Does Brain Difference Affect Legal and Moral Responsibility? image

March 30, 2015 4:30 PM
Lectures and Panels
Armenise Building D, Amphitheater
Harvard Medical School, 210 Longwood Avenue, Boston, MA

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Brains create behavior. Yet we hold people, not brains, morally and legally responsible for their actions. Under what conditions could - or should - brain disorder affect the ways in which we assign moral and legal responsibility to a person? 

In this conversation among a neuroscientist who studies moral judgment, a forensic psychiatrist, and a law professor, we explored three cases that highlight the relationship between brain disorder, law-breaking, and norms relating to responsibility.

Each case raised challenging questions: Can we establish whether the brain disorder caused the law-breaking behavior? Even if we can, is the presence of brain disorder morally or legally excusing? All behavior is caused: Why should some causes be excusing, but not others? If brain disorder can cause unlawful behavior, can we infer the reverse - that people who behave unlawfully have disordered brains? Join us for a provocative discussion on the state of the art at the intersection of neuroethics, brain science, philosophy, and the law.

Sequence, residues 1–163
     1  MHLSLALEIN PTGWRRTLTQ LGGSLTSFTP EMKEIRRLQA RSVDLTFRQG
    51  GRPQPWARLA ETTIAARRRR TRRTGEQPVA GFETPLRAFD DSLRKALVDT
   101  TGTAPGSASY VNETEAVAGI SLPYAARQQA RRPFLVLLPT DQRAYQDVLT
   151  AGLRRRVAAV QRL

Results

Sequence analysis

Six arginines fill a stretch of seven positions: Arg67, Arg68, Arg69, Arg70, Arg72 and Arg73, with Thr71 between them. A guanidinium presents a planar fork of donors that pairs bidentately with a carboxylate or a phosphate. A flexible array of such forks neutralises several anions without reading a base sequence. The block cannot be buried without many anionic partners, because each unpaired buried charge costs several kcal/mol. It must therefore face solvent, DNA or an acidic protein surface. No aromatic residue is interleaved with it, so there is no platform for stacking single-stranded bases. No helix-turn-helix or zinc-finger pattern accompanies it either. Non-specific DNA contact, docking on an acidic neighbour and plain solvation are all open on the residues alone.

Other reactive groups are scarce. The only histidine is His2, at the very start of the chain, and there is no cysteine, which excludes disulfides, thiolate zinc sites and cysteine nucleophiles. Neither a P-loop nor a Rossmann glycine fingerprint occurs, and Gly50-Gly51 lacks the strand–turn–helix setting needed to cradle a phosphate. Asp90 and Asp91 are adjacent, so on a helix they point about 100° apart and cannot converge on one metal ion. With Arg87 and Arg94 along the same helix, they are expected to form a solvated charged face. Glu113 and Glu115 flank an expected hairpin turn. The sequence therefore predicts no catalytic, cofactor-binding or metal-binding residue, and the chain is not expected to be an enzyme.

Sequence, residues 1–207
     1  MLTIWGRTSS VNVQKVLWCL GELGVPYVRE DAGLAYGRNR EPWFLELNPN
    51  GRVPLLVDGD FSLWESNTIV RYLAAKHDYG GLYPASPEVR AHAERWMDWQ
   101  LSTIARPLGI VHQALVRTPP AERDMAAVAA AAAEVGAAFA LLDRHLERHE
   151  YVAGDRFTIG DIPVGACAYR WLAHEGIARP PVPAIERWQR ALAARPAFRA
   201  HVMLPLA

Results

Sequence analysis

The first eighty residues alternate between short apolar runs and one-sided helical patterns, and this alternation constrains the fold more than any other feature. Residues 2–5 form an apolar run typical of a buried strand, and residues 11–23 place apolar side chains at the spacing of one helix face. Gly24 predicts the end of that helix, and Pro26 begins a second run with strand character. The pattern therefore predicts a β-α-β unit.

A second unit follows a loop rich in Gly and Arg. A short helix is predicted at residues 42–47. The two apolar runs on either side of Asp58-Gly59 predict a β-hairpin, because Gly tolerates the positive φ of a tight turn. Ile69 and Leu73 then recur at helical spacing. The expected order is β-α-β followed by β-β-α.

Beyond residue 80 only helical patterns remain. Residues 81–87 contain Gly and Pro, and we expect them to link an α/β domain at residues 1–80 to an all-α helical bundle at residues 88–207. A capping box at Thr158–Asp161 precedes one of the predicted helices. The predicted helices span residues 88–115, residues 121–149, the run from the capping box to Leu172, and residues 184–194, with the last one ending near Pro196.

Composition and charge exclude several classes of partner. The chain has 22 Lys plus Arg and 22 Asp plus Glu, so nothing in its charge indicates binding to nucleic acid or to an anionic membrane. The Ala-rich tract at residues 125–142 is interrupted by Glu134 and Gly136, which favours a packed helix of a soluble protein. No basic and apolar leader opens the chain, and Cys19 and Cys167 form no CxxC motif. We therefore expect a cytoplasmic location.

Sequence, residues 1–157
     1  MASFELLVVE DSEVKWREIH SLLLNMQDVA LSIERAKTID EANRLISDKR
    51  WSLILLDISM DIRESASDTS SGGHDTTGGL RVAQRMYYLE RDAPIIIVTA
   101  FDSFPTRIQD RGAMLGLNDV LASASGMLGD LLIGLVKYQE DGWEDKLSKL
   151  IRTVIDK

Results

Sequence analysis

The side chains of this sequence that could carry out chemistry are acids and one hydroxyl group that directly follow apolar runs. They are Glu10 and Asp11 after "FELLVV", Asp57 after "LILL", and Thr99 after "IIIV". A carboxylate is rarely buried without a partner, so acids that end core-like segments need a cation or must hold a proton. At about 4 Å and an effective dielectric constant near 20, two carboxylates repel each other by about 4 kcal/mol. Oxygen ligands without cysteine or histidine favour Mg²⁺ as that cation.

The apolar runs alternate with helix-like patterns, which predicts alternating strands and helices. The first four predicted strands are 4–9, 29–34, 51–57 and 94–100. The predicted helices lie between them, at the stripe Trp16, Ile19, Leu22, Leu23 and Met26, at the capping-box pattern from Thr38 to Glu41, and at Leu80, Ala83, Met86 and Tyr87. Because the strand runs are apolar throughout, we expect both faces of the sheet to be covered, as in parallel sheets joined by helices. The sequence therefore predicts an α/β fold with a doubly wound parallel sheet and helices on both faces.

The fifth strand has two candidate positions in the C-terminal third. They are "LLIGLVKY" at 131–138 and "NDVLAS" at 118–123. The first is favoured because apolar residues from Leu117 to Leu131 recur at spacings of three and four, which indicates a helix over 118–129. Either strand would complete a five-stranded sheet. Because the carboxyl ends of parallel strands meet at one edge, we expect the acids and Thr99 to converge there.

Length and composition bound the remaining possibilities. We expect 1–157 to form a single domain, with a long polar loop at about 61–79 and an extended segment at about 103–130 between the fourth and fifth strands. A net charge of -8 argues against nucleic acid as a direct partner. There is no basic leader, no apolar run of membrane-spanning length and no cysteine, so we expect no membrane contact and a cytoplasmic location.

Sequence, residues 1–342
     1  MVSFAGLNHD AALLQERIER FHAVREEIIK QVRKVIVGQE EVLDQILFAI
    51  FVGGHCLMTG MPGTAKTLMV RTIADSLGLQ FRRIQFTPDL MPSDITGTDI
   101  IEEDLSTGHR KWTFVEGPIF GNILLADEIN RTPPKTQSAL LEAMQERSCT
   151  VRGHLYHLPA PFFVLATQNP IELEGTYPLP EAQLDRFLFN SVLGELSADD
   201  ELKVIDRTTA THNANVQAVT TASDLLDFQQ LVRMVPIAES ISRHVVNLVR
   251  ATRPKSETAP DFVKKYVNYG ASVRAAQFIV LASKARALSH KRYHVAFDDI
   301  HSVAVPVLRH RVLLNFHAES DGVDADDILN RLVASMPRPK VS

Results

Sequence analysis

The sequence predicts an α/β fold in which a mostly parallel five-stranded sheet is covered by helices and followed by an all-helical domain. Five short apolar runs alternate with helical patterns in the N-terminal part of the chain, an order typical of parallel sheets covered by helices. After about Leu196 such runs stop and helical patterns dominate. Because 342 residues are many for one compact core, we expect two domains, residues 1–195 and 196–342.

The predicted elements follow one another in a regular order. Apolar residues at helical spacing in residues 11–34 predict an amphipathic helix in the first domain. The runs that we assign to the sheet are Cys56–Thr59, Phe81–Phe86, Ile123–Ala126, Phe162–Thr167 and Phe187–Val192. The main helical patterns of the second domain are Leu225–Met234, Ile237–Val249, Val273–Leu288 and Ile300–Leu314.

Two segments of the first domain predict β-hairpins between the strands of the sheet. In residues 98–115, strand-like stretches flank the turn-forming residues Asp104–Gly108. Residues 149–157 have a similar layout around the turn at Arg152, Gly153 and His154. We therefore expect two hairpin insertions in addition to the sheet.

Dr. Fiery Cushman, PhDis an assistant professor in the Department of Psychology at Harvard University. From 2011-2014 he served as a psotdoctoral fellow in moral psychology, funded by the Mind, Brain, and Behavior Initiative at Harvard University. 

Dr. Judith Edersheim, MD, JDis Co-Founder and Co-Director of the Center for Law, Brain and Behavior, an Assistant Clinical Professor of Psychiatry at Harvard Medical School, and an attending Psychiatrist in the Department of Psychiatry at Massachusetts General Hospital. 

Amanda Pustilnik, JDis the Senior Fellow in Law & Applied Neuroscience at the Petrie-Flom Center and the Center for Law, Brain and Behavior, a faculty member of the Center for Law, Brain and Behavior, and an assistant professor of law at the University of Maryland School of Law.


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This event was cosponsored by the Center for Bioethics at Harvard Medical School.


bioethics   criminal law   health law policy   neuroscience